I must confess to having a particularly soft-spot for Façade – An Entertainment by Edith Sitwell and William Walton. I first heard it, or was aware of hearing it, when I was sixteen and it has been with me ever since. So, I was predisposed to enjoy the concert by the Zoetermeer-based Ebony Ensemble, led by Michel Havenith yesterday – and I am glad to say I wasn’t disappointed.
Façade, consists of short poems by Sitwell, set to music by Walton, and exists in several forms. The poems were written around 1918 and they were first performed to music in 1922 to a group of gay (in the old-fashioned sense) young things. The recited version has been through several changes and Walton later developed a Suite for full orchestra. There is also a ballet by Frederick Ashton. The twenty-seven poems performed by Ebony Ensemble yesterday were using the original scoring and sequence.
Façade really captured the zeitgeist of the years following World War One. It was a period of devil-may-care and you-can’t-get-anymore-mad-than-that and Sitwell’s seemingly absurdist poems could be compared with what was happening on the continent with Dada and the Cabaret Voltaire – although it seems there was no contact or acknowledgement between them. The piece probably owes more to Edward Lear and the inherent eccentricity of the British aristocracy.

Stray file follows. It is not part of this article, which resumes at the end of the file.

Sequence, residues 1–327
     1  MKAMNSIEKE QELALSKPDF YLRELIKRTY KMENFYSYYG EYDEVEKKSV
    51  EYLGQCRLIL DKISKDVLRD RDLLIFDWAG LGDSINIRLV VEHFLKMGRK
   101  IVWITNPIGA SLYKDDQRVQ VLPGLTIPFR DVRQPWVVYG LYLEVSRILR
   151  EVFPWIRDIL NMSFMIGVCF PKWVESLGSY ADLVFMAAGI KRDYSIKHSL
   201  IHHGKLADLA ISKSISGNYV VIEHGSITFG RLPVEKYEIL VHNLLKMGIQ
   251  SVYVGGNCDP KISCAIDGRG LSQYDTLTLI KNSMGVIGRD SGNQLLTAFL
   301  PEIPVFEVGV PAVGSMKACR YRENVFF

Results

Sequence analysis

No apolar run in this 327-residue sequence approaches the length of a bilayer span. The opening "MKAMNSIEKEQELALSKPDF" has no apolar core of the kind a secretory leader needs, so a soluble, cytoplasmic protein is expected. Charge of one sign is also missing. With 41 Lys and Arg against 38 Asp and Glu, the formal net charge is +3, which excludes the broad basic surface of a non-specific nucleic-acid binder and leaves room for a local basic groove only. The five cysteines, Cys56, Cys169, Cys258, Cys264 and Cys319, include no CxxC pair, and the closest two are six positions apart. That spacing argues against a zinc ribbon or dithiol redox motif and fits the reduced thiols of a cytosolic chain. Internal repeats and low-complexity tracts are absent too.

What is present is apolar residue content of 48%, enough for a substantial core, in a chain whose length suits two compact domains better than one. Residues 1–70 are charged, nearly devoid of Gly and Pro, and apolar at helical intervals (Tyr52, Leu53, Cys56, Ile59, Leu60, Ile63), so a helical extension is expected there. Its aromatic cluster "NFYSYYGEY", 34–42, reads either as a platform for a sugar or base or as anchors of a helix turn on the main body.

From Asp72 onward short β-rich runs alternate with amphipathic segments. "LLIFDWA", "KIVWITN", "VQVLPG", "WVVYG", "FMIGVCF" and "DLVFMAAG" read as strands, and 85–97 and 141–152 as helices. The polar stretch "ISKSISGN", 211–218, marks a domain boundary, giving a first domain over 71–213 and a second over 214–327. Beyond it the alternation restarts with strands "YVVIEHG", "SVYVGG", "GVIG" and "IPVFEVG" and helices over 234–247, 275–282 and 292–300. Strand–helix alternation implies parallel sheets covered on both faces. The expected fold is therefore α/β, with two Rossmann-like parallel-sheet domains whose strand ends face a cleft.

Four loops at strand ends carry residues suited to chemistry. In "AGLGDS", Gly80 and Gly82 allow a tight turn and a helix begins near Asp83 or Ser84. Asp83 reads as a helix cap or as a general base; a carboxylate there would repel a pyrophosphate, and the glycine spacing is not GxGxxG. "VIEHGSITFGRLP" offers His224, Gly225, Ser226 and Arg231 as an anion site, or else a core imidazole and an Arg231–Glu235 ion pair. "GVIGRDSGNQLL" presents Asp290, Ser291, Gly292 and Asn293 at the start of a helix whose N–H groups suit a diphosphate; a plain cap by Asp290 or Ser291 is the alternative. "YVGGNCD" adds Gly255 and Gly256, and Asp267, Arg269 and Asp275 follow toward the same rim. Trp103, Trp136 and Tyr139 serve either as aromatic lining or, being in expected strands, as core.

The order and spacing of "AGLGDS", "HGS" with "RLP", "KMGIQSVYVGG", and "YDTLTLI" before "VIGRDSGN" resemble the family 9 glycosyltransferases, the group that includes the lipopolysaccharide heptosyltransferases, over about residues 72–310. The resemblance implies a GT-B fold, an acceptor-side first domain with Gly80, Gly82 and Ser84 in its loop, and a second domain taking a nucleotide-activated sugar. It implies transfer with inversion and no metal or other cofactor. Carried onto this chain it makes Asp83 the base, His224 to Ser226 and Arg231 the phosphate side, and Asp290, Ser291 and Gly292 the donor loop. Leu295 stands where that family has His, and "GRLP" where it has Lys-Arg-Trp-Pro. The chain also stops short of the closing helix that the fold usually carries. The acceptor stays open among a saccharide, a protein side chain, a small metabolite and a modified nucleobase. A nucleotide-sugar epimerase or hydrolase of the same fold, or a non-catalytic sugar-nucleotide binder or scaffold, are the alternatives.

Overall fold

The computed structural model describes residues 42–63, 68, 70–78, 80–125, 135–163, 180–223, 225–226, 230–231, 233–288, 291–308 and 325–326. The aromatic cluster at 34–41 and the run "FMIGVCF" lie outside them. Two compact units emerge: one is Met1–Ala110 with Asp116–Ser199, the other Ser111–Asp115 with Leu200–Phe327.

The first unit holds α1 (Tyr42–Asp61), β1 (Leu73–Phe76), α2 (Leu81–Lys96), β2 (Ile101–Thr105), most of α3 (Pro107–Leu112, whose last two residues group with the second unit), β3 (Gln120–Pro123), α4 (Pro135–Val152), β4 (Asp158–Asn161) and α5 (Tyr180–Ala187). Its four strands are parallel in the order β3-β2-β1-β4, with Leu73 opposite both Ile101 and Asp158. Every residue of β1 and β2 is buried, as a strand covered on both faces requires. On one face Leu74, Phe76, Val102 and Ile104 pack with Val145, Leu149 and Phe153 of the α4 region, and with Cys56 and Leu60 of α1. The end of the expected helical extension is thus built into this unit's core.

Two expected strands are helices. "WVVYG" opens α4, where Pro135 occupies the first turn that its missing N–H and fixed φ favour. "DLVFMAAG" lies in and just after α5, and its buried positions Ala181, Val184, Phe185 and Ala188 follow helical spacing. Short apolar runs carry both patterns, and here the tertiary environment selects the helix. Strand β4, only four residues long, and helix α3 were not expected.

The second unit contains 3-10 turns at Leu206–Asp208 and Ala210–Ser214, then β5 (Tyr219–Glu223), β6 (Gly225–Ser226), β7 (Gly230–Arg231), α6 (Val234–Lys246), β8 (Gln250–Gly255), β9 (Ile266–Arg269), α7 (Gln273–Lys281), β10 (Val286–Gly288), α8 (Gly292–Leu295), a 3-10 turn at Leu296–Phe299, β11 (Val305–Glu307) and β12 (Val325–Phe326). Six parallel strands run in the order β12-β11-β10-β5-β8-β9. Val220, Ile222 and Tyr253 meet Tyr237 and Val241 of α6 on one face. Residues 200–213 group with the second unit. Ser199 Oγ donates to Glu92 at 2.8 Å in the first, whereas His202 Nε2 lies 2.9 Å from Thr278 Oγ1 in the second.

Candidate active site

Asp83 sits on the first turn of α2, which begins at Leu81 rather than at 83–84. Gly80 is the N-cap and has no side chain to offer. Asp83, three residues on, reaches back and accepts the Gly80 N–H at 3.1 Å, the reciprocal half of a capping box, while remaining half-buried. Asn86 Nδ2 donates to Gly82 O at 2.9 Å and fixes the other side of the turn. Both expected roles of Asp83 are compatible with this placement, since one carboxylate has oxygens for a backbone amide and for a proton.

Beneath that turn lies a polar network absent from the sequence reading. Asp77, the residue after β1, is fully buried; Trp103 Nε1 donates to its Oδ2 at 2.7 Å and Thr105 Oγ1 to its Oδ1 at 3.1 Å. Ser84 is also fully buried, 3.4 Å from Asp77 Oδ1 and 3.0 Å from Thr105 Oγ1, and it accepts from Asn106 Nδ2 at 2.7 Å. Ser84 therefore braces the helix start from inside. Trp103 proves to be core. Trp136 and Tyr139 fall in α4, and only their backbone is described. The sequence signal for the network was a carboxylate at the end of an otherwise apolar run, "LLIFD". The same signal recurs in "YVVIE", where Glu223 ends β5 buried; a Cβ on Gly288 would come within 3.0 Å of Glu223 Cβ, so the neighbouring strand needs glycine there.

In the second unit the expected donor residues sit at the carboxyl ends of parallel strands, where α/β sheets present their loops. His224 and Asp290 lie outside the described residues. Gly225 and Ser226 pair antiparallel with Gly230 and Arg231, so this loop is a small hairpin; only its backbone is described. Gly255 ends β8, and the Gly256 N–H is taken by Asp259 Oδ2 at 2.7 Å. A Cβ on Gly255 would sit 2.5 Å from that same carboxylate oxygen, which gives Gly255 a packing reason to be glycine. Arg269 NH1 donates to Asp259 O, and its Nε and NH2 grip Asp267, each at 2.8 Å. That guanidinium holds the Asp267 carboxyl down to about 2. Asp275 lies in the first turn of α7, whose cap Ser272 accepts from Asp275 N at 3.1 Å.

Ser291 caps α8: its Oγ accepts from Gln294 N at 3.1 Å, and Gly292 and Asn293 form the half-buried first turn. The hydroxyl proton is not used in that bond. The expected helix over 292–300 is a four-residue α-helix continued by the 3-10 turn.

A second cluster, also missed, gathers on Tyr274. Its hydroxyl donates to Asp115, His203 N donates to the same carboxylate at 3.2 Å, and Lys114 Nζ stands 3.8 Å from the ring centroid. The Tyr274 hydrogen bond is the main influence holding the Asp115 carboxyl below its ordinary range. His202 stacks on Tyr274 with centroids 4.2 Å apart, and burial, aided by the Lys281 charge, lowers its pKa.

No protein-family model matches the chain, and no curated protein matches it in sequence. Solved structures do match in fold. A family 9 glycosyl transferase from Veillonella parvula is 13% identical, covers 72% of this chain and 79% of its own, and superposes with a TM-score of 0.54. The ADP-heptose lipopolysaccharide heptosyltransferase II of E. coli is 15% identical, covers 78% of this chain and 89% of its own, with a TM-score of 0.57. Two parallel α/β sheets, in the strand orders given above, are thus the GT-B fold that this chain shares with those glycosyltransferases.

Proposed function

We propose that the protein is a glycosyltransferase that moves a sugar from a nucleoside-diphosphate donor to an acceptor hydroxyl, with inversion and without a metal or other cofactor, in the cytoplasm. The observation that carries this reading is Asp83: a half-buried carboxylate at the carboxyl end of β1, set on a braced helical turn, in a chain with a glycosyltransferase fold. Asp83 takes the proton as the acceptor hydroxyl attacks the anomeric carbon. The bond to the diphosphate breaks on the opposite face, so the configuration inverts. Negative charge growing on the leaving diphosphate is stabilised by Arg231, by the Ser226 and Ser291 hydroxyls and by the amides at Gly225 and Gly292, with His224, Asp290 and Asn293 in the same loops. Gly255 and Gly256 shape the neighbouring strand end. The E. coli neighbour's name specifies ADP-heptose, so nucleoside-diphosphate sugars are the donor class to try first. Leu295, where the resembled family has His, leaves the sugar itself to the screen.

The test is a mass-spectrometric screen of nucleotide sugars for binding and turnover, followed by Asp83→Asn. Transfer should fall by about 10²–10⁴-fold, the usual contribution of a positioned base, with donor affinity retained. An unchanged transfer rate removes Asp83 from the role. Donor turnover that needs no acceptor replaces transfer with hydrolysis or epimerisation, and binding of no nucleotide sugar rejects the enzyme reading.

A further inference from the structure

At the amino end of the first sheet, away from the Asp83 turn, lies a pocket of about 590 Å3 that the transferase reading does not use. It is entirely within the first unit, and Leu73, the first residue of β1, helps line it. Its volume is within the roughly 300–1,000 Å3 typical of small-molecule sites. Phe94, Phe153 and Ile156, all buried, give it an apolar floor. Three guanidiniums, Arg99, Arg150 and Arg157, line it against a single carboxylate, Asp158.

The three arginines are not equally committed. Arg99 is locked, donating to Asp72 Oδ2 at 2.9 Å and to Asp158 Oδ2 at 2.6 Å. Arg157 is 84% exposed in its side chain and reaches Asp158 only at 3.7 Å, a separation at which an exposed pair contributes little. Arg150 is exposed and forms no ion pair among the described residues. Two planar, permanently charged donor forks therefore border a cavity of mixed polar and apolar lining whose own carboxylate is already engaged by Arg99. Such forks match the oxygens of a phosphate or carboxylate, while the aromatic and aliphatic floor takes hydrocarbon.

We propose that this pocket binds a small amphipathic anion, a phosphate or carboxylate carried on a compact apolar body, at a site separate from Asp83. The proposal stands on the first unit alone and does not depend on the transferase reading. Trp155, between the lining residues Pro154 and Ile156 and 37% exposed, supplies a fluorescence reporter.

Although for all the performers Façade is a difficult piece and requires great virtuosity, the six musicians played brilliantly and really seemed to be enjoying themselves. However, the great weight of the piece, and much of the responsibility for the success of the performance, falls on the shoulders of the person delivering the words. I think they would be pushed to find a Dutchman who could rattle off the machine-gun text so the Ebony Ensemble was lucky to find a willing and able Englishman, former singer, Robert Coupe, to take on the challenge. To continue the military analogy, reciting the text of Façade is a potential minefield – one missed beat or syllable and I imagine the whole thing would collapse like a house of cards. I am glad to say Mr Coupe fulfilled his task with skill, style and aplomb and also provided background and descriptions to some of the poems.
Now, while not everyone may be familiar with Façade as such, I think most people will be familiar with at least one of the tunes. What was less familiar was that Walton composed dance-band for the Savoy Hotel orchestra. Although most of it has been lost we were treated to some contemporary recordings by the band during the interval – for which we had to stay in our seats and was, in fact, more of a breather for the musicians than anything else.
The excellent Ebony Ensemble only plays a handful of times each year, usually in Zoetermeer, and has a wonderful repertoire. Michel Havenith must be congratulated for bringing and holding the thing together and I shall certainly be looking forward to their next concert. Michael Hasted 3rd June 2019
Listen to ArtsTalk Radio’s interview with Michel Havenith